The comb on the left is from the Italian bees in our Langstroth hive and the comb on the right is from the Buckfast bees in our Warre hive. These hives are right next to each other and the bees forage the same area. Such an amazing color difference!
The Warre Hive was developed in France by Emile Warré (1867-1951). Warré developed the Hive after experimenting with over 350 hives of various designs and types. It was his goal to find a hive system that was simple, natural, economical, and bee-friendly. A Warre (pronounced war-ray) hive is simple to manage and maintain. Also known as tiered or supered top bar hives, a vertical top bar hive such as the Warre hive is friendly to the bees since they are allowed to draw out their own comb. The hive is commonly under supered which means the new hive boxes are added to the bottom and not the top of the hive. This promotes the bees natural tendency to build down ensuring a hive environment that is healthier and better suited to their own needs.
Buckfast bees were developed by Brother Adam and he derived that breed from bees that survived the Isle of Wight disease that wiped out most bees in England. Isle of Wight disease was caused by Acarapis woodii, another bee parasite that inhabits the tracheal tubes through which bees get oxygen. Buckfast bees survived well when other bees were decimated by acarine mites. Buckfast bees proved to be highly resistant to tracheal mites when those mites were introduced into the US during the early 1980s. Buckfast are genetically resistant to Varroa mites.
Italian bees and Langstroth hives
Removing the wax plug from the queen, the worker bees will eat away at the remaining sugar plug over the next few days until the queen is released. This must be done slowly so they become adjusted to her pheromones and realize that she is their new queen.
Tom adding the Buckfast bees to our Warre hive. April 2015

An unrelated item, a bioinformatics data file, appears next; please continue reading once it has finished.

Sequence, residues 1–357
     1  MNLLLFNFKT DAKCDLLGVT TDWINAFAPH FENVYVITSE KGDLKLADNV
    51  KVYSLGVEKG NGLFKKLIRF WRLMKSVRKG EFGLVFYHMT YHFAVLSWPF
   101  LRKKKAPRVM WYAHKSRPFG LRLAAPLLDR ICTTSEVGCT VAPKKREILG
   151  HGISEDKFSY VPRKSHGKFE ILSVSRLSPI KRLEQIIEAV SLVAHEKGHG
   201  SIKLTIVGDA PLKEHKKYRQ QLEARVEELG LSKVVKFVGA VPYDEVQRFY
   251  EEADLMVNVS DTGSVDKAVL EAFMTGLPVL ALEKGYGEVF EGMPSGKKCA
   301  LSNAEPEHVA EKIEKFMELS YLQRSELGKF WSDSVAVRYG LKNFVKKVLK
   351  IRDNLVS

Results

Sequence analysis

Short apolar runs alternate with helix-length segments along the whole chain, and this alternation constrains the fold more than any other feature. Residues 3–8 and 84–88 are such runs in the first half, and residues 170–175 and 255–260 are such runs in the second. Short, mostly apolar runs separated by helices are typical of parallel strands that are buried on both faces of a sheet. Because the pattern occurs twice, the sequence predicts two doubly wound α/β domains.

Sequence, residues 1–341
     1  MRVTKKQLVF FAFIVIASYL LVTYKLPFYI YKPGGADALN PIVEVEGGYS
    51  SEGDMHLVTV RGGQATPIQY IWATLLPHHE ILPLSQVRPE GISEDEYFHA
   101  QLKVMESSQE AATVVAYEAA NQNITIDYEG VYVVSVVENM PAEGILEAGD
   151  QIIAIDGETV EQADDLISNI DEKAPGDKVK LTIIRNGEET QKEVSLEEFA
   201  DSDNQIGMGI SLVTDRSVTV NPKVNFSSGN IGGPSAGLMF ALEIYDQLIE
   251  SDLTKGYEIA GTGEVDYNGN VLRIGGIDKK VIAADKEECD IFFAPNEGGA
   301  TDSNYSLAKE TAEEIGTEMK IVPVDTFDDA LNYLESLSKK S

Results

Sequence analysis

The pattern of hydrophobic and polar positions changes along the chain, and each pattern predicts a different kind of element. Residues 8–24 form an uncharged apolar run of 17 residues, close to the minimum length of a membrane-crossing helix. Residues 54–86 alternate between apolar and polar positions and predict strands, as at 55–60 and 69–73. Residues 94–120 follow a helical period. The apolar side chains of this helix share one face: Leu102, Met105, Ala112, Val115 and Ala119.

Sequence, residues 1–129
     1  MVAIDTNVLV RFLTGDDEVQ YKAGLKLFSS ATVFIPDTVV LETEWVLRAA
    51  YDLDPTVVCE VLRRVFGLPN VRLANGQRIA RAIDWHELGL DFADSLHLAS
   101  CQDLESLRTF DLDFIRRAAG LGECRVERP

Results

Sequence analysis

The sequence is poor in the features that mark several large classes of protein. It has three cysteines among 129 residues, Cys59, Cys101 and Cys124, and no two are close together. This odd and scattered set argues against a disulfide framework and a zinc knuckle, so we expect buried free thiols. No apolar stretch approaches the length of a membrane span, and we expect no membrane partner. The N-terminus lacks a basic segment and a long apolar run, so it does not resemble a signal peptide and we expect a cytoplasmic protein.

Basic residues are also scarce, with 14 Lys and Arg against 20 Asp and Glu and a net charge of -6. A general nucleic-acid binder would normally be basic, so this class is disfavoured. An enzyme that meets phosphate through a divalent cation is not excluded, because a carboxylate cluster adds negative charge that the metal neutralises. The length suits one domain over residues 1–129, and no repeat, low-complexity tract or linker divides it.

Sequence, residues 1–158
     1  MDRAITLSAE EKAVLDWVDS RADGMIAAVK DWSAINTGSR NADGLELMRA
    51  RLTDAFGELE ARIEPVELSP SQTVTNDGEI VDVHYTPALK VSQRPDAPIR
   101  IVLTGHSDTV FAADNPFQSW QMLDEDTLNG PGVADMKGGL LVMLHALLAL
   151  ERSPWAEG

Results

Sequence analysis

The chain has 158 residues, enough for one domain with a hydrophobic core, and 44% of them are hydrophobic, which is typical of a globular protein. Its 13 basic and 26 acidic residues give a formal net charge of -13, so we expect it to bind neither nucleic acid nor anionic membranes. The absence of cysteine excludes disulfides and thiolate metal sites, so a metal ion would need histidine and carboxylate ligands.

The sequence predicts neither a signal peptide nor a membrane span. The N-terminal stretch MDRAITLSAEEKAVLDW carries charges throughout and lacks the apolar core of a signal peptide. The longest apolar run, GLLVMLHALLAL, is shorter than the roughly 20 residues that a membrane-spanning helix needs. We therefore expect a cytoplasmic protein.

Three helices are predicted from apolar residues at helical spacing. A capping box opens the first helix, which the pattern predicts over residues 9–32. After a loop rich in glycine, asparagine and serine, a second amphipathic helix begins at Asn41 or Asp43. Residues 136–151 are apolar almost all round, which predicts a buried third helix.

Checking in on the bees, honey sampling! October 2015
The Langstroth Hive is by far the most popular type of honey bee hive in the Northern United States and many other parts of the world. Its simple construction and standardized design make it the obvious first choice. It consists of a number of boxes, open at the top and bottom. These, containing frames, are stacked on top of each other. The deep boxes contain the brood nest, the shallow boxes hold the honey. A weather-proof roof goes on top of the stack, a floor underneath. The boxes, roof and floor are not usually fixed together by the beekeeper, although the bees use propolis to glue everything together.
Apis mellifera ligustica is the Italian bee which is a subspecies of the western honey bee. Italian bees, having been conditioned to the warmer climate of the central Mediterranean, are less able to cope with the "hard" winters and cool, wet springs of more northern latitudes. From the commercial and breeding point of view the value of the Ligustica lies in a productive combination of gentleness, fertility, reluctance to swarm, zeal for building comb, white honey-cappings, a willingness to enter supers, cleanliness, resistance to disease, and the tendency to collect flower honey rather than honey dew.
Buckfast bees and Warre hives
For our maiden season we chose 2 different types of hives and 2 different varieties of bees. This way we could get a feel for what we liked working with the best before adding future hives. (And to make sure they didn't scare the crap out of us!) After hours of research and taking a bee keeping class we settled on Buckfast bees for our Warre hive and Italian bees for our Langstroth hive. We were pleasantly surprised by how docile and easy to work with the varieties were. We look forward to the improved pollination they provide for our garden and orchard.
Replacing the frames in the Warre hive. This hive replicates a more natural environment for the bees where they build their own comb from scratch.
Opening the carrier with the remaining 8,000 bees!!!
Tom the Bee Keeper
Honey available seasonally
$15 for 1 pound jar
Since this our first season with the bees we will not be harvesting any honey. This will guarantee that the bees will have enough food for the winter. These hives were set up in the spring. Of course we had to take a small sample thou!!
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